On certification to the Superior Court, Appellate Division.
For affirmance -- Chief Justice Wilentz and Justices Sullivan, Schreiber and Pollock. For reversal -- Justice Pashman. The opinion of the Court was delivered by Schreiber, J. Pashman, J., dissenting.
Plaintiff Quick Chek Food Stores sought a declaratory judgment that an ordinance of the Township of Springfield mandating closing hours for businesses in certain parts of the municipality was an unconstitutional exercise of the Township's police power. The trial court in a written unreported opinion rejected the challenge. The Appellate Division affirmed substantially for the reasons set forth in the trial court's opinion. We granted plaintiff's petition for certification. 81 N.J. 351 (1979).
At the trial plaintiff produced two witnesses, Robert Hart, plaintiff's vice-president in charge of operations, and Robert Weltchek, a township committeeman. The township engineer, Walter Kozub, testified for the defendant. The only evidence other than the testimony of these witnesses consisted of the zoning map and the ordinance under attack.
A summary of the pertinent evidence is as follows: Plaintiff, a New Jersey corporation, owns and operates a chain of 66 convenience food outlets, 63 of which are in New Jersey. Their business hours extend from 8 a.m. until midnight, though most of their sales occur after 6 p.m. Generally speaking plaintiff selects its locations after making traffic and customer counts at the proposed site. However, no such information was offered with respect to the site in question on Mountain Avenue in Springfield.
After plaintiff filed an application with the Springfield Township Planning Board for site plan approval of a building which was to be constructed for plaintiff's use public opposition developed.*fn1 This opposition was brought to the attention of the Township Committee which subsequently considered and adopted an ordinance to limit the hours of night operation of commercial establishments.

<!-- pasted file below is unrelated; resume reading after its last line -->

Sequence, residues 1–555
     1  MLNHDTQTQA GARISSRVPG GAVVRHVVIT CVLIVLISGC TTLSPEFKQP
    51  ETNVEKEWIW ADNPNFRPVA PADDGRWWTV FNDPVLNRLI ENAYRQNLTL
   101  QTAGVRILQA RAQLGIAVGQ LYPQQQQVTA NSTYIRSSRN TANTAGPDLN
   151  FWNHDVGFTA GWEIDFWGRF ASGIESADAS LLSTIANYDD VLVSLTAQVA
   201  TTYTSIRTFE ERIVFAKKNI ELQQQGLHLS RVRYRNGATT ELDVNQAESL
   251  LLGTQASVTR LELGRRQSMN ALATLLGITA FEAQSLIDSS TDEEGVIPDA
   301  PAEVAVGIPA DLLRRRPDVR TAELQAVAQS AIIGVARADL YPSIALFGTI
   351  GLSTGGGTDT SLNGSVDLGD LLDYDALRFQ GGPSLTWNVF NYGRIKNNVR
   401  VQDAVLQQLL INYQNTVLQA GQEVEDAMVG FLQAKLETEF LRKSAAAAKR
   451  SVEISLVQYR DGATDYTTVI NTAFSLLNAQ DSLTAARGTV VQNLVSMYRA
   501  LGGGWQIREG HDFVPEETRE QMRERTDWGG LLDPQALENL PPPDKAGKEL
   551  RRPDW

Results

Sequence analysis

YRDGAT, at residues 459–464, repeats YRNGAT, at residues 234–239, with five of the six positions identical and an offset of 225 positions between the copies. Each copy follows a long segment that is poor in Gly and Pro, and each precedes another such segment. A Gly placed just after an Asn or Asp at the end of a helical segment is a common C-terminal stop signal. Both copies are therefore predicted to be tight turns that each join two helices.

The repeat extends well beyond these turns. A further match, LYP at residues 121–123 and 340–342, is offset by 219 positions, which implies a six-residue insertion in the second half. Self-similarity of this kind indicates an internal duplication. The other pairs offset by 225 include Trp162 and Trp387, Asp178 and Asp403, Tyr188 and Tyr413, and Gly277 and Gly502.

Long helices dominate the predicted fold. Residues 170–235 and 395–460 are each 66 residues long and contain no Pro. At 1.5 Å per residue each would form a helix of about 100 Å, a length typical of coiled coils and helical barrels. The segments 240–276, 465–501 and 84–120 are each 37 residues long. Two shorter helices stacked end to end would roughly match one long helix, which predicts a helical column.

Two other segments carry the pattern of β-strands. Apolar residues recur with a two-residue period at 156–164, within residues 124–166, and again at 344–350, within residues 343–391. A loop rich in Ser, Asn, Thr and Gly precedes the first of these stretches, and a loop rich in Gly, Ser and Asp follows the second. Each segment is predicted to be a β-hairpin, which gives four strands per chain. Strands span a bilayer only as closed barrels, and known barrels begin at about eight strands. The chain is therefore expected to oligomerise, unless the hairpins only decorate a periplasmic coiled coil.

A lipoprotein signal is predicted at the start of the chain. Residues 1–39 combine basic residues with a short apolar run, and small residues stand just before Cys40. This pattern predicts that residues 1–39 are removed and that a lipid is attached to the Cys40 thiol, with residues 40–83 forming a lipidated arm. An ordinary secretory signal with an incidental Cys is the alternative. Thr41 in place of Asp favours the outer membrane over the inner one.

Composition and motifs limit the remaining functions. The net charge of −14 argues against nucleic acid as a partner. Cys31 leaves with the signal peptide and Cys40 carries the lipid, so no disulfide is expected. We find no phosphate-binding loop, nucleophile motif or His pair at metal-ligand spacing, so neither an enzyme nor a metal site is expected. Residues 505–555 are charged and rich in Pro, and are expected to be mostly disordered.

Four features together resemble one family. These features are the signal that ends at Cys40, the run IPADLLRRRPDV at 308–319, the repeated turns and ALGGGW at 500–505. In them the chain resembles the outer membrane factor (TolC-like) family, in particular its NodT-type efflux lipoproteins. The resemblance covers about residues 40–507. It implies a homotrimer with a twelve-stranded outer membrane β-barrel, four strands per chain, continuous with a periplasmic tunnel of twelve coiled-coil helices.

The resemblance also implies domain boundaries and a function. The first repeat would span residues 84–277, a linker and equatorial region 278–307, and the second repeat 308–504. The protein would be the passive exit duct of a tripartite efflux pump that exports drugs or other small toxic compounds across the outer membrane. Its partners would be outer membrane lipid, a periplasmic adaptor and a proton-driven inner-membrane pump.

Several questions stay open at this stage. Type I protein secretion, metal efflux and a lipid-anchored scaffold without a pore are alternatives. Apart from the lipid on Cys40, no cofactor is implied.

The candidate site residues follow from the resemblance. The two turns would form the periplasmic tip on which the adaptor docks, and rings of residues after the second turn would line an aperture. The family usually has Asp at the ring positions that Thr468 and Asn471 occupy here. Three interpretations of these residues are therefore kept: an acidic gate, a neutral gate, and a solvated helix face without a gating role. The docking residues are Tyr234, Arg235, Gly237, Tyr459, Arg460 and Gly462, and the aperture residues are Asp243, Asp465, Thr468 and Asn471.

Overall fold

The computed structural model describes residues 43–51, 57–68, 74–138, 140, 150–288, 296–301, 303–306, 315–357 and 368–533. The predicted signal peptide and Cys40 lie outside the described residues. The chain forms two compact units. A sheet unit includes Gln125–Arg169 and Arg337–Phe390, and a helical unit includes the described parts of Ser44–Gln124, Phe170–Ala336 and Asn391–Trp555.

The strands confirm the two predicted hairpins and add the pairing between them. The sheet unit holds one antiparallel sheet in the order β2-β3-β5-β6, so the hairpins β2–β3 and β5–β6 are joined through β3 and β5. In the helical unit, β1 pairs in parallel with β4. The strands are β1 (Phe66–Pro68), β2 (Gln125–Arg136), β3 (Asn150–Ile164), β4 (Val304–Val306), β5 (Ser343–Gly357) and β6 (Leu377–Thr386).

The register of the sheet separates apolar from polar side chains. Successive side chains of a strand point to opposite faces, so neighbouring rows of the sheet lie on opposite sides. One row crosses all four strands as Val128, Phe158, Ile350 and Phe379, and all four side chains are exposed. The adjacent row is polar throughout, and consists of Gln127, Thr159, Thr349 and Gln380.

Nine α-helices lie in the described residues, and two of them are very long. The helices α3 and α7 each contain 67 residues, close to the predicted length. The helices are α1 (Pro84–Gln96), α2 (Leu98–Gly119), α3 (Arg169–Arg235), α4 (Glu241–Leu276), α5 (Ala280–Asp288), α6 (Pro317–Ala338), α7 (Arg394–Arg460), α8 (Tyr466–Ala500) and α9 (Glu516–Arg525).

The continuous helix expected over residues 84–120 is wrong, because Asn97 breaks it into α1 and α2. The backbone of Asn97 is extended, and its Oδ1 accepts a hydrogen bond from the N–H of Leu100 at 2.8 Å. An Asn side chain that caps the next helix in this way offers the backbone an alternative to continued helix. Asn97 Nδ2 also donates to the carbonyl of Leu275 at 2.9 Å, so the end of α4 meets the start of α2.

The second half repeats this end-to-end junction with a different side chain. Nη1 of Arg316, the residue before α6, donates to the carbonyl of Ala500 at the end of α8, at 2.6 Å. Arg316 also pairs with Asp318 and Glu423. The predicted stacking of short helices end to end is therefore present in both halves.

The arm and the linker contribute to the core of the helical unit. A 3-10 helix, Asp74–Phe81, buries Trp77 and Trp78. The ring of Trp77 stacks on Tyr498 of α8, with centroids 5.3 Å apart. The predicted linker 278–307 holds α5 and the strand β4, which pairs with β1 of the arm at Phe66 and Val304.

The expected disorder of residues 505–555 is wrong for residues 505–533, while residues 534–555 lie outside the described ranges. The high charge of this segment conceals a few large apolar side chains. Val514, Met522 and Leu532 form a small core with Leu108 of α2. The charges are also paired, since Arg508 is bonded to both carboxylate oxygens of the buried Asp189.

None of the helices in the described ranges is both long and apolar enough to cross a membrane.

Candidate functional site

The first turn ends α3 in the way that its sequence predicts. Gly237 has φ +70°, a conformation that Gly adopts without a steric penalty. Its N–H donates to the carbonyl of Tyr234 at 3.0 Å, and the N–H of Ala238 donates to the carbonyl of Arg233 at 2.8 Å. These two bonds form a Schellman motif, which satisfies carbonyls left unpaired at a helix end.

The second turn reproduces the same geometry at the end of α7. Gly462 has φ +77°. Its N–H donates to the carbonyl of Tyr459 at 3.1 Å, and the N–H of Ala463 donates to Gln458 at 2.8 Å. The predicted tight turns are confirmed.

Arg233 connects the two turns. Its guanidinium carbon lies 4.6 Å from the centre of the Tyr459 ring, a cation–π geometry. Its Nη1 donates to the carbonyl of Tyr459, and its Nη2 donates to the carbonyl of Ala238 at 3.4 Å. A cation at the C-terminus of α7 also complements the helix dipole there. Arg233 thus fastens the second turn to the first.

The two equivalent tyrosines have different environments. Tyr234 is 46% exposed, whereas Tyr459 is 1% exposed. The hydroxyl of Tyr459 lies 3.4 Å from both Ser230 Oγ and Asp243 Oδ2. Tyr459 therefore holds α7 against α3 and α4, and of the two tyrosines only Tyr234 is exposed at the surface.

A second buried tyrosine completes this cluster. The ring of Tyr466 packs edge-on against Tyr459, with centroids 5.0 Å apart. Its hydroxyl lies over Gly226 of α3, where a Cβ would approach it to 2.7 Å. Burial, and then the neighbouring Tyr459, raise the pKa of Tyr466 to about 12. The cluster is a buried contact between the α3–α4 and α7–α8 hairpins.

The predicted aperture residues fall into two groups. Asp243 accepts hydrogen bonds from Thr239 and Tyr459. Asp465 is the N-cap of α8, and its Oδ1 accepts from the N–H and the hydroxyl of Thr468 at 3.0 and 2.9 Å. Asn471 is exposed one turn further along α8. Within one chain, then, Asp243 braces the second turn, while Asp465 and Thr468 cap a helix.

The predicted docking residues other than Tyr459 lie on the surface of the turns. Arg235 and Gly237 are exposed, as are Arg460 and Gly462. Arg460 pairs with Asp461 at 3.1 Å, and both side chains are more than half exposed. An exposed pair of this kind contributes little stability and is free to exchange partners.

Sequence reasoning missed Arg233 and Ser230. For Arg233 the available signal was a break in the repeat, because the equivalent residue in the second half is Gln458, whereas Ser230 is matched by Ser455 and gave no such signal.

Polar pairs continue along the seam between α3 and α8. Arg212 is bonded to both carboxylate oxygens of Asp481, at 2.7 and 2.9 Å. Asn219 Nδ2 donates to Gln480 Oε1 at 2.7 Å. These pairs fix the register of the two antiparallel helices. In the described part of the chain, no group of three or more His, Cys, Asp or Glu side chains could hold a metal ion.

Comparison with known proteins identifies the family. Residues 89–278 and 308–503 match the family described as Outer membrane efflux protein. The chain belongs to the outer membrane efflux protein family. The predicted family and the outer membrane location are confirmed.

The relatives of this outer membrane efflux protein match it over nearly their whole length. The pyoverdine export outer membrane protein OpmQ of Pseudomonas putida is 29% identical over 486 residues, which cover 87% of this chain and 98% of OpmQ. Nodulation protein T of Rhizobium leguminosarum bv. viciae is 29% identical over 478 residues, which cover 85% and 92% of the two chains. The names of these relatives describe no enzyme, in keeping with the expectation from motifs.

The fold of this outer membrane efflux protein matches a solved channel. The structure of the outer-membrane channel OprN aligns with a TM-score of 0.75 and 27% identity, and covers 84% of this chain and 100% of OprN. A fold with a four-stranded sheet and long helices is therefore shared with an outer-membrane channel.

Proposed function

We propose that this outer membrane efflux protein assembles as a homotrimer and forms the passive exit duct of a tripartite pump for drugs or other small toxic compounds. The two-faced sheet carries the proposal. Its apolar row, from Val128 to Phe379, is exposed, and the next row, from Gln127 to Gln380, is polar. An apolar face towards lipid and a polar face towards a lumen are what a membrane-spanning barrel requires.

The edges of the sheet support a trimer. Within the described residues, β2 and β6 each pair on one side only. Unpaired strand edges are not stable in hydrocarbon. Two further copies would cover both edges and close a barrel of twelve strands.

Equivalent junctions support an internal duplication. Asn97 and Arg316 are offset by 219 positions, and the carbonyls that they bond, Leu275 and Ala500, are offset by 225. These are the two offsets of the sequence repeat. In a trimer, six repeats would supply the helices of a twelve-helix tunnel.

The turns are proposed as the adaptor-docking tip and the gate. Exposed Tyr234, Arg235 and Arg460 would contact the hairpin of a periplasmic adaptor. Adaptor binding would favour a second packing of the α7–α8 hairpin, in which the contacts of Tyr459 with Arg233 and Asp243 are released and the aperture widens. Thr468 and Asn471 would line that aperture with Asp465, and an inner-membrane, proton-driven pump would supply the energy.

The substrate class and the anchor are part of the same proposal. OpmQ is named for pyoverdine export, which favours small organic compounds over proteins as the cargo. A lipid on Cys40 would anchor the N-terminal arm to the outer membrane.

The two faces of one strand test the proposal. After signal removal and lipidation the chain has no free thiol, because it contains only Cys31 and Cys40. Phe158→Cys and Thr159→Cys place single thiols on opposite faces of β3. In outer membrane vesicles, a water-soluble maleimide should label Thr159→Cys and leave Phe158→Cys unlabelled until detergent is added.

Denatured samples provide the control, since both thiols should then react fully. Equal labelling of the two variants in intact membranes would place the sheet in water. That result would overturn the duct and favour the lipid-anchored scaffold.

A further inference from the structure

The ordinance provided that no retail establishments of any nature, other than pharmacies or restaurants, were permitted to conduct business between 9 p.m. and 6 a.m. of the next day in any Neighborhood-Commercial (N-C) zone. Springfield's zoning ordinance provided for four types of residential zones, two industrial, one office and three commercial. The commercial consisted of a highway commercial, a general commercial, and a neighborhood commercial (N-C) zone. There are three small N-C zones in the Township, each abutting residential areas. Three sides of the N-C zone on Mountain Avenue in which plaintiff proposed to locate its store are adjacent to residential zones. Some homes exist within the zone.
The Township Committee's intent in adopting the ordinance was to protect the character of the residential neighborhoods serviced by the stores in the contiguous N-C zones. These zones are located in the midst of the Township which is essentially
residential in character. In this manner the Township sought to prevent, as Committeeman Weltchek testified, "an intrusion on the privacy of these areas, especially in the late hours of the evening." The highway or general commercial establishments which are not subject to the closing hours of the ordinance are located on the outskirts of the Township.
In addition to the Quick Chek store located in the N-C zone, a number of commercial establishments other than pharmacies and restaurants would be affected by the ordinance. Pharmacies were excluded because of emergency needs for medicines and drugs. Since the area's restaurants were small and family oriented and had no liquor licenses, it was believed that customers would be in the process of completing their meals and there would likely be no new business after 9 p.m.